Italy adopts tough anti-migrant law


Italy has adopted far-right Interior Minister Matteo Salvini's (pictured November 26, 2018) bill, which makes it easier to expel migrants and limits residency permits. (Photo: AP)

Italy on Wednesday adopted far-right Interior Minister Matteo Salvini's tough anti-migrant and security decree, despite fierce criticism from the left.

The bill, which makes it easier to expel migrants and limits residency permits, was passed in the lower house of parliament with 396 in favour to 99 against.

"I'm happy, it's a memorable day," Salvini told journalists, shrugging off criticism from "left-wingers who think illegal immigration is not a problem".

The bill's adoption followed Prime Minister Giuseppe Conte's statement distancing Italy from the UN migration pact.

Parliament would have the last word on it and Rome would not attend a conference to ratify it, he said.

The Senate had already given its green light to Salvini's controversial decree, which the populist government of Salvini's League and Luigi Di Maio's anti-establishment Five Star Movement (M5S) first put forward in September.

As well as loosening the criteria to expel migrants, the bill allows migrants to be stripped of Italian citizenship if convicted of terrorism.

The government opted for confidence votes to get the bill through both chamber of parliament after M5S members tabled a slew of amendments.

The decree also ends two-year "humanitarian protection" residency permits -- a lower level of asylum status based on Italian rather than international law -- that were awarded to 25 percent of asylum seekers last year.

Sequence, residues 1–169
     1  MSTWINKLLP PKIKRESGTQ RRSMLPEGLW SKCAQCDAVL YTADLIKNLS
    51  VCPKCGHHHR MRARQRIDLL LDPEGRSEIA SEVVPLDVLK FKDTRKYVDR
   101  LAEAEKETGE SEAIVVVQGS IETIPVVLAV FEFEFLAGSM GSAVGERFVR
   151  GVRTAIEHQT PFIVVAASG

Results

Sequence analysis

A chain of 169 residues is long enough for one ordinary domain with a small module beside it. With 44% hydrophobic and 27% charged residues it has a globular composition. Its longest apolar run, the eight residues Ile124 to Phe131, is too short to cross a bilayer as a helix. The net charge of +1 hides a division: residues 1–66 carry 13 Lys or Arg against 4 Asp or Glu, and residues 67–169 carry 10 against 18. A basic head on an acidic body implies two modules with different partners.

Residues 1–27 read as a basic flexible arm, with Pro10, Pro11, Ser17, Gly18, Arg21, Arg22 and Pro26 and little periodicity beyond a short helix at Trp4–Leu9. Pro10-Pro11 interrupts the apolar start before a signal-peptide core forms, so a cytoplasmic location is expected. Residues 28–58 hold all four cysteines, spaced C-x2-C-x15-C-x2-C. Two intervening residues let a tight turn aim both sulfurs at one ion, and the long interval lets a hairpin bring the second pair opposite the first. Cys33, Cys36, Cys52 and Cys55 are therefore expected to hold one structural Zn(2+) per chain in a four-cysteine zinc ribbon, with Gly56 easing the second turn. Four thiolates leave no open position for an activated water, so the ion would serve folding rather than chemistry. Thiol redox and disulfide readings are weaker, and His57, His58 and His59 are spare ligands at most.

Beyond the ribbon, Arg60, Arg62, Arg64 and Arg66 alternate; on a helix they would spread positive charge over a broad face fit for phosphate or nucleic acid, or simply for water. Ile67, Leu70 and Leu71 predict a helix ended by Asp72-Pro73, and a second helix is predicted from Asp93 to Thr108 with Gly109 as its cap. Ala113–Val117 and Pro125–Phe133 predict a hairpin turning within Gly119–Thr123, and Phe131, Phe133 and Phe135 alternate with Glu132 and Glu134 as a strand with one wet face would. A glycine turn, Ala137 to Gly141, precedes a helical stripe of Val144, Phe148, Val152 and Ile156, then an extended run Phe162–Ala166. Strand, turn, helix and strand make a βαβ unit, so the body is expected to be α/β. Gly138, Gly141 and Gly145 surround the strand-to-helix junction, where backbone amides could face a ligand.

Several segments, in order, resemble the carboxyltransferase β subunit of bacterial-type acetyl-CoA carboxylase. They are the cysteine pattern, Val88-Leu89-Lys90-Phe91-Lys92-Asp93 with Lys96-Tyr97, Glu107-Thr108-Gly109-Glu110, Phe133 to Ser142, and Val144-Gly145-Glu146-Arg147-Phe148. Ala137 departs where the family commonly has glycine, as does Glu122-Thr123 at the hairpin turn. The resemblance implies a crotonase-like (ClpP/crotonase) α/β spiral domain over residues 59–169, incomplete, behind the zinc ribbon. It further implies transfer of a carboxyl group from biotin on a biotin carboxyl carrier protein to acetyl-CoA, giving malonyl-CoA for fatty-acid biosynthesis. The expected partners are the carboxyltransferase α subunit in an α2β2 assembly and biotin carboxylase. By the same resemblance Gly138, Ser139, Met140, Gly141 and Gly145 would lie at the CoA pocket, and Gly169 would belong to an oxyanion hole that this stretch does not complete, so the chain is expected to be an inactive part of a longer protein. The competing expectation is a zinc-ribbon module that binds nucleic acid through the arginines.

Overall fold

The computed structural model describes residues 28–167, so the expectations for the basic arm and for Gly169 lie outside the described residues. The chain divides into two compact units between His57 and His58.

Instead, residency permits will be awarded under stricter conditions such as a one-year "special protection" status or a six-month "natural disaster in country of origin" status.

A new procedure to fast-track the expulsion of "dangerous" asylum seekers will also be implemented.

The Italian Refugee Council has said it is "seriously concerned" by the new law.

The United Nations refugee agency has said it does "not provide adequate guarantees, especially for the vulnerable or those with particular needs such as victims of abuse or torture".

- Second thoughts -

Conte's statement on the UN pact was the latest sign that some countries who signed up to the agreement in July after 18 months of talks are now having second thoughts.

A week ago, Switzerland said it would postpone its decision on the UN pact owing to opposition from parliamentary committees.

Austria, Australia, Bulgaria, the Czech Republic, Hungary, Israel, Poland, Slovakia, and the United States have also either publicly disavowed the pact or notified the United Nations that they are withdrawing.

The non-binding UN accord lays out 23 objectives to facilitate legal migration as the number of people on the move worldwide has grown to 250 million, or just over three percent of the world's population.

Among its principles are the protection of human rights, including those specific to children, and recognition of national sovereignty.

Its objectives include helping countries deal with migration by sharing best practices to improve information and integration.

In October, Italy had registered 146,000 migrants on its territory, who could be regrouped in large centres to reduce costs.